Mike Mulligan and His Steam Shovel

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Mike Mulligan and His Steam Shovel
Mike Mulligan.jpg
AuthorVirginia Lee Burton
PublisherHoughton Mifflin Company
Publication date
ISBN0395169615 1967 edition
LC ClassPZ7.B954 Mi

Mike Mulligan and His Steam Shovel (ISBN 0-590-75803-9) is a children's book by Virginia Lee Burton. First published in 1939, in the wake of the Great Depression, it features Mike Mulligan, a steam shovel operator, and his steam shovel Mary Anne. It is considered a classic favorite of children's literature: based on a 2007 online poll, the National Education Association ranked the book as one of its "Teachers' Top 100 Books for Children."[1]

An animated short film of the same name, directed by Michael Sporn, narrated by stand-up comedian Robert Klein, was adapted from the book and first aired by HBO in 1990; it has been regularly shown as an "HBO Storybook Musical" and has been released on DVD.


After many years of working successfully together, Mike and his classic steam shovel Mary Anne face competition from more modern gasoline, electric, and diesel motor shovels. Seeking an area of the country where his classic steam shovel can still find work, Mike finds a small town that is about to build a new town hall. The authorities react with disbelief when Mike claims that he and his steam shovel Mary Anne can dig the cellar in a single day; they protest that it would take a hundred men a week. Mike insists that Mary Anne can finish the job in one day, though he privately has some doubts.

At sunup the next day, Mike and Mary Anne begin work and just complete the task by sundown. But, they neglected to dig a ramp for driving out of the construction pit. A watching child suggests that Mike take the job of janitor for the town hall, and that Mary Anne should be converted to a boiler for the town hall's heating system.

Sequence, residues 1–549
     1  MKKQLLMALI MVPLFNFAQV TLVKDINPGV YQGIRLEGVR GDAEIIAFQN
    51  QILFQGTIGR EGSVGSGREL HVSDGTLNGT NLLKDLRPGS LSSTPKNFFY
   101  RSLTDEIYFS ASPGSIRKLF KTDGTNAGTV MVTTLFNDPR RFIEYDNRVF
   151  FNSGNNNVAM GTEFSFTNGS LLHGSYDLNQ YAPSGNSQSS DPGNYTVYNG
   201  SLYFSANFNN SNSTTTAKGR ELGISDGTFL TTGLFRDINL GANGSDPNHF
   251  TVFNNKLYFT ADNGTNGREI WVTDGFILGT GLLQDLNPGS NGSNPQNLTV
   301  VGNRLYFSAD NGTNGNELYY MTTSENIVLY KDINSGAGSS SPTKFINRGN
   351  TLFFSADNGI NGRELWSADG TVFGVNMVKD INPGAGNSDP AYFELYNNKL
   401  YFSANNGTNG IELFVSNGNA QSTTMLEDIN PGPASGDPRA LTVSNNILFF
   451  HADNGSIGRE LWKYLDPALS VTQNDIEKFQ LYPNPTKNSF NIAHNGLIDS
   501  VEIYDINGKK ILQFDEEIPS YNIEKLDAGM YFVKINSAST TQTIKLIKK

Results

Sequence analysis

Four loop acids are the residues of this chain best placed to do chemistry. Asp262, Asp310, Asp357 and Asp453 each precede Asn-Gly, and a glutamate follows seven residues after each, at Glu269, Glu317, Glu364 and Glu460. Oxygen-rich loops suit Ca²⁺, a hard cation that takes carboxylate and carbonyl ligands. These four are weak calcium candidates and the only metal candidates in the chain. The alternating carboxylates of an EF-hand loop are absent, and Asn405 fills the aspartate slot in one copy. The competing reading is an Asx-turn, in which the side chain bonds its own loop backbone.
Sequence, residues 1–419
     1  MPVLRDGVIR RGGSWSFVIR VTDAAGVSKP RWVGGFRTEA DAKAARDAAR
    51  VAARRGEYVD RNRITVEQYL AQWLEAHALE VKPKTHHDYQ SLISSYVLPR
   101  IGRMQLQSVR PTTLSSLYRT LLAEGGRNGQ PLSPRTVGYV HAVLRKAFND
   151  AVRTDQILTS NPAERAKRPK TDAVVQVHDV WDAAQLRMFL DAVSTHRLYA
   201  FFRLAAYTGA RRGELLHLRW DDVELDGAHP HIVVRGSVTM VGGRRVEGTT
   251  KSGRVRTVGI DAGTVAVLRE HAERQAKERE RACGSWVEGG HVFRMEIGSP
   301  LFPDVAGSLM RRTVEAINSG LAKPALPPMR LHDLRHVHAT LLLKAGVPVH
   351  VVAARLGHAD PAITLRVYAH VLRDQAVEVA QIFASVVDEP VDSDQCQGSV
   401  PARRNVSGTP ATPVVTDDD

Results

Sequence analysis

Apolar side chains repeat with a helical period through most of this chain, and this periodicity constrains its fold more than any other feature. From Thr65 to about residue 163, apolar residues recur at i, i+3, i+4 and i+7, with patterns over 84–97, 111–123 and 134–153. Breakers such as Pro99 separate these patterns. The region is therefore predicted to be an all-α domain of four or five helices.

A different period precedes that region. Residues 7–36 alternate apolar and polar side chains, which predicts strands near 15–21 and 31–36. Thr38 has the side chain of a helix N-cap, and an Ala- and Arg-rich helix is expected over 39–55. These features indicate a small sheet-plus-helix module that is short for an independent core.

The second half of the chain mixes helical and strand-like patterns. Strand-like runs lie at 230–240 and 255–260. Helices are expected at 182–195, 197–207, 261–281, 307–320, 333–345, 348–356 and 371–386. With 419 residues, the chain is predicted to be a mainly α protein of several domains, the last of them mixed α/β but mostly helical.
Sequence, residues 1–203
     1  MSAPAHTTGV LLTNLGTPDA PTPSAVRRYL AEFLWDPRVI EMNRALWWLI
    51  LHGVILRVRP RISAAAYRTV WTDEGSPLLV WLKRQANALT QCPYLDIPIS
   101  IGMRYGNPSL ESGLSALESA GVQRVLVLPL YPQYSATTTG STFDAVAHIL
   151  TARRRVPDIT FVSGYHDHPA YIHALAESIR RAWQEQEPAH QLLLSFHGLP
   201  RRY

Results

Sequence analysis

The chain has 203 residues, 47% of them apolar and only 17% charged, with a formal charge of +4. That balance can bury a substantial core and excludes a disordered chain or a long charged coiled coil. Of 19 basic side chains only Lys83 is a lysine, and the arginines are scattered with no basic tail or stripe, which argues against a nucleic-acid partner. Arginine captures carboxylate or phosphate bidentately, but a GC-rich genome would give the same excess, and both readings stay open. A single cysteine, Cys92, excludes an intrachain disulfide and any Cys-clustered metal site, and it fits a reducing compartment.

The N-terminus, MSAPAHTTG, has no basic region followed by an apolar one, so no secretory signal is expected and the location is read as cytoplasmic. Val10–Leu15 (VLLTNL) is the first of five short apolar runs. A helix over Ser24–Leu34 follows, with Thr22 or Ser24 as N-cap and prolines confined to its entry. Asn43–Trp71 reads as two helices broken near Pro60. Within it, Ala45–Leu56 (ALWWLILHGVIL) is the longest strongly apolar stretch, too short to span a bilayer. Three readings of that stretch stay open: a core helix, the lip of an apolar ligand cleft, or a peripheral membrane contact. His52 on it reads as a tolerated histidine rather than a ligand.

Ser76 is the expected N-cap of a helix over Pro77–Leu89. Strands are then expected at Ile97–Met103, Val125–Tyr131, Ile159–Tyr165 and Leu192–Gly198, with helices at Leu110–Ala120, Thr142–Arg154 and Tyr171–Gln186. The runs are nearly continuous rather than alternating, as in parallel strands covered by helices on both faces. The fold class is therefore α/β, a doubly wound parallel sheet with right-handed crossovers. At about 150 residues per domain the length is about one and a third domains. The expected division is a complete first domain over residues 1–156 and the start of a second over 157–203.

According to a 2006 article in The Boston Globe, the author set the book in West Newbury, Massachusetts after she attended town meeting in 1938 and sketched town hall and the townspeople. She was inspired to convert the steam shovel to a furnace by the son of friends, as they all discussed the book over dinner:

At dinner on Chestnut Hill that evening, the author told the Albertsons and Berkenbushes about her dilemma. She had written Mike and Mary Anne into a literal corner -- they were stuck in the hole they dug for the Town Hall basement. Dick, then about 12 years old, suggested the steam shovel could become the building's heating source. It was a simple notion, he said. "My father had a garage in town that had a steam heating system, so I was familiar with it." [2]

(Note: The first edition of the book spelled Dick Berkenbush's name incorrectly in a footnote crediting him with this idea.)[2]

Cultural references[edit]

  • In the book Ramona the Pest (1968) where Ramona's kindergarten teacher reads the book to the class and Ramona asks, "If Mike Mulligan digs all day, when did he stop to use the bathroom?"
  • This popular book was occasionally read by host Captain Kangaroo (Bob Keeshan) on his children's television show of the same name.[3]
  • In the American independent film, Slacker (1991), the book is shown on a shelf under the projector in the bedroom.[4]
  • Julia Sauer's 1954 children's book Mike's House tells the adventures of a small boy who checks out Mike Mulligan and His Steam Shovel so many times he calls the library Mike's House.


In 1990, HBO first aired an animated short film adapted from Mike Mulligan and His Steam Shovel, directed by Michael Sporn adapted and narrated by stand-up comedian Robert Klein and produced by Michael Sporn Animation and Italtoons Corporation. As of 2012 this short film is regularly shown as an "HBO Storybook Musical." It was released on video by Golden Video (a partner company of Golden Books). The video was also released on DVD by Scholastic Books under HBO license, along with 27 other films adapted from classic children's books.[5]


  1. ^ National Education Association (2007). "Teachers' Top 100 Books for Children". Retrieved August 22, 2012.
  2. ^ a b James Sullivan (March 30, 2006). "As a child, his steam fueled hot 1939 children's classic". The Boston Globe. Retrieved 2007-07-04.
  3. ^ "For generations of kids, he was Captain Kangaroo". Los Angeles Times. 2004-01-26. Retrieved 2019-08-31.
  4. ^ https://m.media-amazon.com/images/M/MV5BNWUwNTQzYzAtOWExZC00OWNhLWE5ZjUtODY2NTU1OTI2Y2MxXkEyXkFqcGdeQXVyMjUyNDk2ODc@._V1_.jpg
  5. ^ "Television". The New York Times. ISSN 0362-4331. Retrieved 2019-08-31.

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